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Journal of Experimental and Clinical Microbiology

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Characterization of carbapenem resistant Gram-negative bacteria and clinical epidemiology

Joint Event on 2nd Annual Congress on MICROBIOLOGY AND MICROBIOLOGISTS & 6th International Conference on MYCOLOGY AND FUNGAL INFECTIONS

October 07-08, 2019 | Madrid, Spain

Pooja Sahai

Medica Superspecialty Hospital, India

ScientificTracks Abstracts: J Clin Microbiol Infect Dis

Abstract :

Background: Carbapenemase-producing Gram negative bacilli (CPGNB) have increasingly been associated with hospital acquired infections in recent years leading to limitations of treatment options. The present study was undertaken to detect CPE, risk factors for acquiring them and their impact on clinical outcomes in a tertiary care hospital from March 2018 to June 2019.

Methods: This prospective observational study included 120 clinically significant Carbapenem resistant isolates (including fermenters and non-fermenters), isolated from samples like blood, lower respiratory tract, urine, pus and tissues etc from March 2108 to June 2019 at a tertiary care hospital in India. Screening for Carbapenemase production was done by phenotypic methods, and Polymerase chain Reaction was performed for genotypic confirmation and to detect genes encoding them. The patients were assessed daily until discharge/death to ascertain the risk factors for infections with Carbapenamase producing Gram negative bacilli and their impact. Both clinical as well as microbiological outcomes were followed up and documented.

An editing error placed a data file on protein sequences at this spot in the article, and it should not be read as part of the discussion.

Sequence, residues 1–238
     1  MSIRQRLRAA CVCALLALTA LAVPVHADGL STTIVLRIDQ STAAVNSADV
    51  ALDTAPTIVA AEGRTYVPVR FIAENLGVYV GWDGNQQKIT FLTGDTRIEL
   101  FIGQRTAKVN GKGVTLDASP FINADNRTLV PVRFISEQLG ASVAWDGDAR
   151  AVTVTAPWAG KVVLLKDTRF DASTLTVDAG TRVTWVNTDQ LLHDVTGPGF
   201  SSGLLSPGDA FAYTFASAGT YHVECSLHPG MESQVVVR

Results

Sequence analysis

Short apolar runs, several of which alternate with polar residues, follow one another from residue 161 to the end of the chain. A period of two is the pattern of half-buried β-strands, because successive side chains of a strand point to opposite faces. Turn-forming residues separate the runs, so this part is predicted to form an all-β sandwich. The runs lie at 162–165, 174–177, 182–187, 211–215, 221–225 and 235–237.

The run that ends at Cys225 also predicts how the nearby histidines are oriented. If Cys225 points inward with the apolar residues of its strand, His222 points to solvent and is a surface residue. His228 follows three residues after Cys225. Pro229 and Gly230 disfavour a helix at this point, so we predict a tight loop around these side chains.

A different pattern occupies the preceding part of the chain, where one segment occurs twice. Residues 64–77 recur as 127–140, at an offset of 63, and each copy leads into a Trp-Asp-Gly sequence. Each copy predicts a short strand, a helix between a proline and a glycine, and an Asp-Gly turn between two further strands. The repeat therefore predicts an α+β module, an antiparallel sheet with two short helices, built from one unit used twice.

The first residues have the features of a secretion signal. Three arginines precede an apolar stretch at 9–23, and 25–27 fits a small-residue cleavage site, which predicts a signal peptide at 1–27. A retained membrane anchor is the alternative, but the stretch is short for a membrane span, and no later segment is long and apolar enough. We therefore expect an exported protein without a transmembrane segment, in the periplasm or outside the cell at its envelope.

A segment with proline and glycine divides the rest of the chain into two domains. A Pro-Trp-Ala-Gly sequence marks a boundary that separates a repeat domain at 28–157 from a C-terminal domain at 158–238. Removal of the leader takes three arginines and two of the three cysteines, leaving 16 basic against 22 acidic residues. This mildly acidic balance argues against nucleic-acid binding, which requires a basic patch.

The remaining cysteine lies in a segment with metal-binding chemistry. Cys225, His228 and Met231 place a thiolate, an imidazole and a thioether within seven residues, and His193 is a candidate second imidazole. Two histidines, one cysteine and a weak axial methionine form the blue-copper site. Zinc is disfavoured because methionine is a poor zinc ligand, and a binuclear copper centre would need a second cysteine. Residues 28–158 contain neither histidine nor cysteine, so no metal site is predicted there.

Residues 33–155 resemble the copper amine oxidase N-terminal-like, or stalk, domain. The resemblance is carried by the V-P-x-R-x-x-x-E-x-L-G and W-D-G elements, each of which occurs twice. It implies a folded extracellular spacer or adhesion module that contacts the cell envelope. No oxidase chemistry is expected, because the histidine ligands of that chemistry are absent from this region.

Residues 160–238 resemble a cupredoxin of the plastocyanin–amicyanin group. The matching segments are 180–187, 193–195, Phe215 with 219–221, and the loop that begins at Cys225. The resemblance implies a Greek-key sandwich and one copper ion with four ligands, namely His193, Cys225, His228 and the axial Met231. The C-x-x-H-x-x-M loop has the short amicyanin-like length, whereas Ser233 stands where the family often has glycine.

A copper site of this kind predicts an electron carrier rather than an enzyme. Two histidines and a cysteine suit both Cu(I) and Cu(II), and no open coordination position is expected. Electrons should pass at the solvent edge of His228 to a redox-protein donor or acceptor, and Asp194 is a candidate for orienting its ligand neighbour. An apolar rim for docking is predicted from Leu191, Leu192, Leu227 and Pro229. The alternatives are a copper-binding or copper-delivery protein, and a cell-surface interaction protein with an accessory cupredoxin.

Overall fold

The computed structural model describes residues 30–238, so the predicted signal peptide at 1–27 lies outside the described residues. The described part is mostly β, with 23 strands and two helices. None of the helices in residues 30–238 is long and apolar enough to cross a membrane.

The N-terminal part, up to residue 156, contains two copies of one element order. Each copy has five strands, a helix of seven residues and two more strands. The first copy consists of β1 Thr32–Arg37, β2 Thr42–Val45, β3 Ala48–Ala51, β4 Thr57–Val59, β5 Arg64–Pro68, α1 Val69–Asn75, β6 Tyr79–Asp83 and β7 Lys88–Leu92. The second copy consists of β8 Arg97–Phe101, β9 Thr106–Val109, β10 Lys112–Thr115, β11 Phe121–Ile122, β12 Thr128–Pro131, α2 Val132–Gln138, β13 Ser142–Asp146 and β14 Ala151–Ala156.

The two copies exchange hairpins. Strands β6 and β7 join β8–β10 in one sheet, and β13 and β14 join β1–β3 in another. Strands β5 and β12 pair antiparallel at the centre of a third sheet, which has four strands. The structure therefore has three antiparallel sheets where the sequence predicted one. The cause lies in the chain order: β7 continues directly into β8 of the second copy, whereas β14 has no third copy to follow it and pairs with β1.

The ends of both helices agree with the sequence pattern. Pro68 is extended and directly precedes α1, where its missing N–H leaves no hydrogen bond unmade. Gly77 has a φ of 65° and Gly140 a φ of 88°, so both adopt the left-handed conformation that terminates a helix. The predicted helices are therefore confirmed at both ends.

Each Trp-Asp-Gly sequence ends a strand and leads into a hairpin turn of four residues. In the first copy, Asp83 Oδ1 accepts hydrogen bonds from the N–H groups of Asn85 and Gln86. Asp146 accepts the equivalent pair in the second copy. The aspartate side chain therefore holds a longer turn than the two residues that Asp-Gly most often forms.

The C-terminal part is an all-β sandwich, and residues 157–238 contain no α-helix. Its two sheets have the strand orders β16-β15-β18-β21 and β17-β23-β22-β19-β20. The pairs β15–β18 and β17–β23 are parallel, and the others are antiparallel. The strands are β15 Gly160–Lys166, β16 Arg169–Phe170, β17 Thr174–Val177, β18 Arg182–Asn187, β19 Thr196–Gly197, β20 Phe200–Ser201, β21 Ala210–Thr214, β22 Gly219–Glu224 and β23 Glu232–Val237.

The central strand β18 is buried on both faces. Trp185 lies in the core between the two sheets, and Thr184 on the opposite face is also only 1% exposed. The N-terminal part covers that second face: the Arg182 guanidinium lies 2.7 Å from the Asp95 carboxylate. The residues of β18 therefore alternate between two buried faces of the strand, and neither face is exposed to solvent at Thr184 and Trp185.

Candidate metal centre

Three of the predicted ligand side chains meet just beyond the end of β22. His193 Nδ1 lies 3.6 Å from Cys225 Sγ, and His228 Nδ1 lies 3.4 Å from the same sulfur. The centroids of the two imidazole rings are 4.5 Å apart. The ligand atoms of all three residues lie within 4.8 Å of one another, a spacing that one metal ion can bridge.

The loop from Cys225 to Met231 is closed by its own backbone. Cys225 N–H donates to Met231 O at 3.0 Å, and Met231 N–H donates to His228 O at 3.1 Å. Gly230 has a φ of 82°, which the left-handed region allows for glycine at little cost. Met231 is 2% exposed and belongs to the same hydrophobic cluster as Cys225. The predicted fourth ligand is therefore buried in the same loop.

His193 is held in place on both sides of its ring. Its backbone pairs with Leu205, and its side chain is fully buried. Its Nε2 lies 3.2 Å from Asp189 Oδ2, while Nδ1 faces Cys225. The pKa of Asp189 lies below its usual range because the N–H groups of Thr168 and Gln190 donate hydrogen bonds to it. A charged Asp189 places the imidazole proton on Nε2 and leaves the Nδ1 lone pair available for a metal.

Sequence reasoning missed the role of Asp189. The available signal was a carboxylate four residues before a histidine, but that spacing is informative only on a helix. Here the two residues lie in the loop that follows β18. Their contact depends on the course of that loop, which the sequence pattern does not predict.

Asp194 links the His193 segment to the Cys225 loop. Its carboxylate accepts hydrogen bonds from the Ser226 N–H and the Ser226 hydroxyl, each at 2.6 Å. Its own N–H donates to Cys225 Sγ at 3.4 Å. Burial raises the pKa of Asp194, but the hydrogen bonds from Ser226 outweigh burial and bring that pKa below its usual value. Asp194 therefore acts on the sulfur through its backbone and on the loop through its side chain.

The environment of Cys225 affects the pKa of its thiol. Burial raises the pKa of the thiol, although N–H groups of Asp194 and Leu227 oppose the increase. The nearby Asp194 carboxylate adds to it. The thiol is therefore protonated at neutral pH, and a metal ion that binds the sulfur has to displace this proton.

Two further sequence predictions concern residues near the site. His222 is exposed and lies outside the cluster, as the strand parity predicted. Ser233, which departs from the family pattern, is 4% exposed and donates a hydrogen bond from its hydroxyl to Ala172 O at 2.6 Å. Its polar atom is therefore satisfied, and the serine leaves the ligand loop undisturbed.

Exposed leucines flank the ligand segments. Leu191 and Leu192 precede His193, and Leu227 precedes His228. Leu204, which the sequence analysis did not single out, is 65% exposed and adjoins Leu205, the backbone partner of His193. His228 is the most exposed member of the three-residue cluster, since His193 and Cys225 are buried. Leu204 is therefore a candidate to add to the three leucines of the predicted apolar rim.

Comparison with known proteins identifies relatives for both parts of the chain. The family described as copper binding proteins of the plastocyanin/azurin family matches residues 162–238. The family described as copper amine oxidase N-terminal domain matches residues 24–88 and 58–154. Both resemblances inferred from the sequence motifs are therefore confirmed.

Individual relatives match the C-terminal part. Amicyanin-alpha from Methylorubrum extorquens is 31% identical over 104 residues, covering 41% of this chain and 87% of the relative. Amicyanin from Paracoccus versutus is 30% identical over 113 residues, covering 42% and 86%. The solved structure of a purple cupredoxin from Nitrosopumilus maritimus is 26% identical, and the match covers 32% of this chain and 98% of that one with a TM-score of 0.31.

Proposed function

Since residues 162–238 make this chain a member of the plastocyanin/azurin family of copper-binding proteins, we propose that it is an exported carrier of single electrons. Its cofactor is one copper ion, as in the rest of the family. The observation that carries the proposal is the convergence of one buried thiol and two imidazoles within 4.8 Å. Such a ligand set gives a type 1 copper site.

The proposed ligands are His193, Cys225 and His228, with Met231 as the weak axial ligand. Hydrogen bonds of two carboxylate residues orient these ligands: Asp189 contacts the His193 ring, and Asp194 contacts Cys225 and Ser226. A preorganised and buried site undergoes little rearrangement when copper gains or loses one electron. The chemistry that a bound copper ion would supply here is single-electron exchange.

Results: Carbapenemase-encoding genes were detected in 77 isolates. The genes detected were New Delhi metallo-β-lactamase, Verona integron-encoded metallo-β-lactamase, and oxacillinase-48 and 181. The significant risk factors associated with acquisition of Carbapenemase producing GNBs were: Transfer from another hospital(53%), mechanical ventilation(85%) recent surgery(55%), hemodialysis(36%), presence of chemoport(6%), tracheostomy(31%), peripheral venous catheter(90%), urinary catheterization(85%), central venous catheter(75%), presence of infected wound(29%) to name a few. The overall adverse outcome was seen on 39% of the cases with CPGNBs.

Conclusion: Infections caused by CPGNBs present daily challenges to Microbiologists as well as Clinicians throughout the world. Unfortunately, the growing problem of multidrug resistance in Gram negative bacteria has become cosmopolitan. As a result, there is an ever-growing problem of increased CPGNBs in hospitals with limited therapeutic options. This return to the pre antibiotic era has unfortunately become the reality of many parts of the world especially in developing countries including India. There is an urgent need to form government policies and assess the processes of antimicrobial prescription and delivery.

Biography :

Pooja Sahai is a Consultant Clinical Microbiologist and Infectious Disease (ID) Specialist at a tertiary care hospital in the Eastern part old India (Medica Superspecialty Hospital). She specializes in Molecular Diagnostics including Polymerase Chain Reactions (PCRs), and Nucleic Acid Amplication Technique based Assays in various sub-branches of Infectious Diseases as well as Clinical Microbiology like Bacteriology, Virology, Immunology and Mycology. Her field of interest lies in curbing Antimicrobial Resistance which is spreading its wings in a rampant manner all over the world but especially in India. She is a part of antimicrobial resistance (AMR) surveillance in India and is actively involved in policy making wing of the government associated with Antimicrobial Resistance Surveillance program in India.

E-mail: [email protected]

Google Scholar citation report
Citations : 216

Journal of Experimental and Clinical Microbiology received 216 citations as per Google Scholar report